“Bit late now, isn’t it?” he said with a laugh. “You were always the worrier. You and Abbie.” He turned his back on the city, leaning against the railing. “You seen her lately?”
“How is she?”
“You two still aren’t talking?”
“It’s not that. It’s just...” He shrugged. “She treats me different now, you know? Like I’m a friend, sure, but... but a new friend, not someone she’s known since junior high. And it fucking sucks.”
“I think she’s...” I struggled for words. “She’s just worried about you.” It was a sight better than “she’s worried you’re not really you”.
“Funny way of showing it.”
“C’mon, Navin, don’t sulk. She doesn’t trust A40, or Quanta or Tiber or any of the rest. And I see where she’s coming from. I mean, this isn’t exactly the world we were promised.”
“Isn’t it?” He spread his arms. “Look around, Sam! Infant mortality is at an all-time low. A40 sponsors K–14 education in, like, 120 countries. Life expectancy is pushing ninety. Everyone’s fed. Everyone’s free. Shit, your company is offering you immortality, and you’re complaining about it. If you’re incapable of being happy, fine, but maybe try being grateful for once?”
“Statements like that, Navin... Jesus, no wonder Abbie worries you’re a pod person.”
“A pod person?”
I grabbed my beer to take a drink and realized it was empty. I looked away, out over the city, hoping to hide my shame.
“That’s pretty fucking low, Sam.” I glanced over at him. He was visibly shaken. “Do you honestly think I’m not really me?”
“I don’t know. What do you want me to say?”
“‘I’m sorry,’ for one thing.”
“I’m sorry, Navin.” I sighed. “But how am I supposed to know?”
“This is real life, not some body snatchers movie. That’s hint number one. Second...” I could hear the hurt in his voice. “Do I not seem like me?”
“From the outside, yeah, you still seem like you.”
He laughed. “Well, I can tell you that from the inside, I still feel like me.”
“You’re saying that, but... How can I really know?”
“Damn it, Sam, not you too?” He shook his head. “I don’t remember the last time I had a real talk with Abbie where she didn’t bring up that Chinese Room bullshit.”
“It does sound a little racist, doesn’t it?”
He grinned. “And not even, you know, the right kind of racist.”
Navin turned and leaned on the railing, looked out over the lights of the city below. It was a startlingly human pose.
“If you’re looking for proof I’m not secretly some automaton,” he said, “I can’t give it to you. But you could say the same thing for Abbie. Maybe she’s the pod person. Hell, maybe you are. This is entry-level philosophy. You remember what Dr. Singh used to say in Epistemology?”
“Certainty’s for suckers. I remember.”
“Don’t buy it, and don’t trust anyone who’s selling it.”
“So what do I do?”
“You trust me. That’s what friends do.” Somehow his winning smile hadn’t changed.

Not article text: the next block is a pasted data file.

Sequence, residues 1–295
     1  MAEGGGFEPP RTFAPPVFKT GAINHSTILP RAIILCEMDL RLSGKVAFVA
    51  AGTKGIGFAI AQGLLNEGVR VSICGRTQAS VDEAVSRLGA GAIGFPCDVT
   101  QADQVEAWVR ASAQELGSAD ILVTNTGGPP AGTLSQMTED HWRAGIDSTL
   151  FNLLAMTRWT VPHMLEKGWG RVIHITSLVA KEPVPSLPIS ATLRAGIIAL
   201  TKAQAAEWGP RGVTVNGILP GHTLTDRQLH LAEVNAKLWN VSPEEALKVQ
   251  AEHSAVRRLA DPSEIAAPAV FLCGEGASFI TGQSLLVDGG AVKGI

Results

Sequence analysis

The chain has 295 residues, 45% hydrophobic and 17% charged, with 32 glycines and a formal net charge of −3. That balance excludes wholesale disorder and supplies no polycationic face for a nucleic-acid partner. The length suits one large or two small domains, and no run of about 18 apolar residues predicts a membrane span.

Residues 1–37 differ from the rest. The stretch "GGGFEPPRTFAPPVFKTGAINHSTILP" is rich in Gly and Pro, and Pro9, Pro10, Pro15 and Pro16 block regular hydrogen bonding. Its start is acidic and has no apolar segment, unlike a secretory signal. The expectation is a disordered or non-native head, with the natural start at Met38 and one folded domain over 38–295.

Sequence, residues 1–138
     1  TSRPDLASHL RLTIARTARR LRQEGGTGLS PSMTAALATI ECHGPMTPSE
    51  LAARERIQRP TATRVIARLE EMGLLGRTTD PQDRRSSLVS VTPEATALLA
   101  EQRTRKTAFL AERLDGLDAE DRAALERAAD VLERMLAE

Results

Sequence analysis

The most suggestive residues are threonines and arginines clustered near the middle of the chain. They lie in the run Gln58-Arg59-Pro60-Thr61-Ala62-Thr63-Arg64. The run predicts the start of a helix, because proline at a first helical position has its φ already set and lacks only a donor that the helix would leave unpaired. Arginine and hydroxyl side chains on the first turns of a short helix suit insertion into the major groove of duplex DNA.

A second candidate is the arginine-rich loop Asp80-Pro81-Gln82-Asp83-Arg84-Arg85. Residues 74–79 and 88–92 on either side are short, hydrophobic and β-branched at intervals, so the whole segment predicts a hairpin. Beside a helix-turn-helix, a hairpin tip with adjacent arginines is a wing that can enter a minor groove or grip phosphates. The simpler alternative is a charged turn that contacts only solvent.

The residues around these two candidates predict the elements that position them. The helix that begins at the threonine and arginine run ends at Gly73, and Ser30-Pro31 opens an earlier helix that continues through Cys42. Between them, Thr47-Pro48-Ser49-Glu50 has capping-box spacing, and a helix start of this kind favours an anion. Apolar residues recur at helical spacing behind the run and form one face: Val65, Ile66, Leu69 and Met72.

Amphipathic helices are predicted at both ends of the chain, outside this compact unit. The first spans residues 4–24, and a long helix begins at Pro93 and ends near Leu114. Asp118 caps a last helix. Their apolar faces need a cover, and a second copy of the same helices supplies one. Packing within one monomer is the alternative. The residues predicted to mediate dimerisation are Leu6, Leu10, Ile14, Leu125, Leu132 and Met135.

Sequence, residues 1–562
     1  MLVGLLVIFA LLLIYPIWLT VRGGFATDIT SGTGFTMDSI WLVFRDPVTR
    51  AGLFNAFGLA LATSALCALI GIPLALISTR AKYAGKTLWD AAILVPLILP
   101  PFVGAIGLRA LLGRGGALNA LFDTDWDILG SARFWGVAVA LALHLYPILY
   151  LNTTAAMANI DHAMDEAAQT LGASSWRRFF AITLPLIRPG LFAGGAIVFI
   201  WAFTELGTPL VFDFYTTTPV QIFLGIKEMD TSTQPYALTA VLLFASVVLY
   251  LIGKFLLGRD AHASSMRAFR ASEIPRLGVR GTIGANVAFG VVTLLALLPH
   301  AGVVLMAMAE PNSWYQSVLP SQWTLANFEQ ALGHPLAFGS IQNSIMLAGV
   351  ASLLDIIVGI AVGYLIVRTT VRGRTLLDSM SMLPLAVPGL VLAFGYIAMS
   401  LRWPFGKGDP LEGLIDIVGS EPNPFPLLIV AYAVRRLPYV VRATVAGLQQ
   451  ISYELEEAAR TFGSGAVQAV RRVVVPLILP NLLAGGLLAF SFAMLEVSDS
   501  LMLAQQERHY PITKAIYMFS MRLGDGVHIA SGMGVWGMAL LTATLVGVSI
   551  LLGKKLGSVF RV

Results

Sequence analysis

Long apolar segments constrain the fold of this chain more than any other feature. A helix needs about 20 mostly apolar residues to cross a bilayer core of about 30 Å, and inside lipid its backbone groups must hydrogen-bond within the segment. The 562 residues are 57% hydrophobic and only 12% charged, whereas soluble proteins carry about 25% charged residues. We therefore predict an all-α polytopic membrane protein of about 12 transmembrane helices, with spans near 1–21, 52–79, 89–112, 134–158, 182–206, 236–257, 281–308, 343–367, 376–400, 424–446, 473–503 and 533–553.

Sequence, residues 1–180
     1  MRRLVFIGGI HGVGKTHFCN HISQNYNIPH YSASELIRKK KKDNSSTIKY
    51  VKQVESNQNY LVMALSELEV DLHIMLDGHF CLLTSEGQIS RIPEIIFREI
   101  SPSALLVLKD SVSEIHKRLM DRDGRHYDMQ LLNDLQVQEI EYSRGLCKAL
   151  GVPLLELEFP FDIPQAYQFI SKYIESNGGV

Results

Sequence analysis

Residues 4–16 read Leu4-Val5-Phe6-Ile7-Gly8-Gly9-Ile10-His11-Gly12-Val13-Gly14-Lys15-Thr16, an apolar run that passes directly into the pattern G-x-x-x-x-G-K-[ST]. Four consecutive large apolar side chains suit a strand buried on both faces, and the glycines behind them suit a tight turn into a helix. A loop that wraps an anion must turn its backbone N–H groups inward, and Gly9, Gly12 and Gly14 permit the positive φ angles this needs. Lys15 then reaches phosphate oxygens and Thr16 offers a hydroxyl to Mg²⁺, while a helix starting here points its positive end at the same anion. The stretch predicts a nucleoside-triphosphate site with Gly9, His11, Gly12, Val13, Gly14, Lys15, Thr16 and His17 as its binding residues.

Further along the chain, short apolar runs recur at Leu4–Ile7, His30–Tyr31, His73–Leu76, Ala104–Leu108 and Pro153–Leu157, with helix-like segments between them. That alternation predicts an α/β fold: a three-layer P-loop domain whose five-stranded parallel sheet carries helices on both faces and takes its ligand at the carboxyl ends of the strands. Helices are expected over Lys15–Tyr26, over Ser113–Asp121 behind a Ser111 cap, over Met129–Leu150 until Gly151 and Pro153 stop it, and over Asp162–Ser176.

“Okay, fine. I trust you. But what do I do? I still have to make a decision.” A bit of paint was flaking off the railing, and I picked at it. “Maybe I should do a bit more research. I read the pamphlet, but...”
“Couldn’t really follow it? Yeah, it was over my head too. But I can tell you my brain scanned just fine. Look, knowing shit’s great, but there’s always going to be more you could learn. You need to decide what you’re going to do. After a certain point, you’ve got to wonder whether you’re just using ‘I don’t know’ as an excuse for not doing anything. So what’s really holding you back?”
I took a deep breath. I knew it would sound stupid as soon as I said it, but I said it anyway. Fear always sounds stupid.
“I don’t want to lose control.”
“Oh, that’s easy. You don’t have to worry about that.”
“Sure. You’re not in control. Nobody has control, not really. Control is all make-believe.”
I snorted. “I open up to you and all you’ve got is some New Age corporate conference bullshit? This is serious, Navin.”
“Once I’ve gone up, how will I be able to trust my senses, even my own consciousness, knowing that any number of processes could be running under the hood, affecting my perceptions without me knowing it, subtly altering what I see, what I feel, what I believe?”
“Well, first of all, it would be a breech of contract, but—”
“Oh yeah, a corporation would never—”
“But second, I’d ask you why you think you can trust your senses right now.”
“I thought we were done with Philosophy 101.”
“This isn’t about philosophy, Sam. This is about the fact that the hardware you’re running”—he gestured vaguely in my direction—“is kinda shit.”
He grinned at me. “Don’t get me wrong, you look great, but your sensory system sucks. Most light is invisible. Most sound is inaudible. Here.” He pointed across the street. “There’s a couple in that building that broke up ten minutes ago.”
“You want to know what they’re doing now?”
“They’re fucking, obviously.”
I gave him a flat look.
He shrugged. “My hearing’s a lot better than yours. And don’t get me started on your memory. I bet you can’t even tell me what colour the bartender at Cascille’s was wearing.”
“Fine. I think his shirt was blue?”
“Their shirt was lavender. And it wasn’t a shirt—it was a tunic. If you close your eyes and think hard enough, you can probably see it. Give it a shot.”
“Okay.” I did so. “Yeah, I guess.”
“What you’re seeing, that feels like a memory, right? It’s about as good as a memory, but what you’re seeing isn’t real.”
“Are you fucking with me?” Navin could be exhausting. “Was I right? Were they wearing blue?”
“See? Now you’re not sure again. You were looking at them less than an hour ago, and you have no idea. Your memory sucks, Sam. And that can have some very bad consequences. Look up the Satanic Panic if you don’t believe me.”